Level 1: Likely reliable evidence

For patients with acute cardiogenic pulmonary edema, noninvasive ventilation reduces mortality and the need to intubate (JAMA. 2005;294:3124-3130). This finding is based on a meta-analysis of 15 randomized trials comparing noninvasive ventilation to conventional oxygen therapy or another noninvasive ventilation modality. Nine of the trials compared continuous positive airway pressure (CPAP) vs. oxygen therapy in 468 patients.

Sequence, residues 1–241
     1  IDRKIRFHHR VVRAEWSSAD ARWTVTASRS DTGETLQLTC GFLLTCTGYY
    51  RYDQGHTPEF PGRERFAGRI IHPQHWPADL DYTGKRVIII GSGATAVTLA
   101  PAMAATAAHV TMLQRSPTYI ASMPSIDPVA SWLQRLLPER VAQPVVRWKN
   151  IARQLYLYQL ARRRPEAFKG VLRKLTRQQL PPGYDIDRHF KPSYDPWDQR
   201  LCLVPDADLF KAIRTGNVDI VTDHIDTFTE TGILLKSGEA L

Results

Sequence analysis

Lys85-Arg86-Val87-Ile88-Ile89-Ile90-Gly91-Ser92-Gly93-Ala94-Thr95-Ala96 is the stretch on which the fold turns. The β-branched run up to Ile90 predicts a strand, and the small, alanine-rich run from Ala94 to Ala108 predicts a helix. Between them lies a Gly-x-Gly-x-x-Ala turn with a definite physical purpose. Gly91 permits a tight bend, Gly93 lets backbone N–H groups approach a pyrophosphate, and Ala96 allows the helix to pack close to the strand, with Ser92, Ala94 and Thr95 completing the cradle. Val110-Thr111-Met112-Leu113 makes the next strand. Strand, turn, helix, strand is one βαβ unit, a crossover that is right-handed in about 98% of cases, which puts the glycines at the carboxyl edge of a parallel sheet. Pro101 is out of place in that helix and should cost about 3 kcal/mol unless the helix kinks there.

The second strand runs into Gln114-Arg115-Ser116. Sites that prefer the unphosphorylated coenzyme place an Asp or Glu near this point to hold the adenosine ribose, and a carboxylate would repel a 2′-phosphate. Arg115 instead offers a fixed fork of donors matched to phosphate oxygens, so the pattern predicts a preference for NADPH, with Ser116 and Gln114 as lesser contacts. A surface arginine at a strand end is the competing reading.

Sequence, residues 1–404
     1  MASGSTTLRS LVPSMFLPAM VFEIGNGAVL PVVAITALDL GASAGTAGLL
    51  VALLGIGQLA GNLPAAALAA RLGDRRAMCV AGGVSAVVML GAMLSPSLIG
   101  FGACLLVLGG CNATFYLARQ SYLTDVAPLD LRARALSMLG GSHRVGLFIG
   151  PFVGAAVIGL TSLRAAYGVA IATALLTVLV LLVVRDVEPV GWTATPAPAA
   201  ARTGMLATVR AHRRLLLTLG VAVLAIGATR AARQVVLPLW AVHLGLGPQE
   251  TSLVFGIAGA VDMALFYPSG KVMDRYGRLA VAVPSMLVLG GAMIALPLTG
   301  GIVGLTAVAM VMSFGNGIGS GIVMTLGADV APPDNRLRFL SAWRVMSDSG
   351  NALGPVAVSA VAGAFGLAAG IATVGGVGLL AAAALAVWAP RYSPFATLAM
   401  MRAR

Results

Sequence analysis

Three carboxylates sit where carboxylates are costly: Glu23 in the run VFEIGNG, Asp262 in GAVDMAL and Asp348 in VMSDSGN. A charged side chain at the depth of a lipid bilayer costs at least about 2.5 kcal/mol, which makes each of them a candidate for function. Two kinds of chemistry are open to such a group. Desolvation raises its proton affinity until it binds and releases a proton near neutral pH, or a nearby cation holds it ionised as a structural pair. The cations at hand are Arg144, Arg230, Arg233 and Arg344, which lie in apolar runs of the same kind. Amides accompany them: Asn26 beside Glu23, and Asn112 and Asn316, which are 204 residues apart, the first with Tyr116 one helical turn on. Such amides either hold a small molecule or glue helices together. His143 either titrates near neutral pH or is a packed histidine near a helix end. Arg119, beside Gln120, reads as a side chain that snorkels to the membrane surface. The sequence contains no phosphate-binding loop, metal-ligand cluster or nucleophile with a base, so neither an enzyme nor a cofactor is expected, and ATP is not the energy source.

Comparing CPAP vs. oxygen therapy, mortality rates were 11.3% vs. 21.8% (P = 0.003, NNT 10), and the need to intubate occurred in 12.6% vs. 31.9% (P <0.001, NNT 6). In six trials (N=315) that compared noninvasive pressure support ventilation vs. oxygen therapy, mortality occurred in 10.1% vs. 16.7% (P = 0.07, NNT 16), and the need to intubate occurred in 13.8% vs. 28.8% (P = 0.002, NNT 7). A combined analysis that included 783 patients found mortality rates of 10.8% vs. 20% (P <0.001, NNT 10), and the need to intubate in 13.1% vs. 30.7% (P <0.001, NNT 6). There were no significant differences in mortality or the need to intubate in a meta-analysis of six trials that compared CPAP vs. noninvasive pressure support ventilation.

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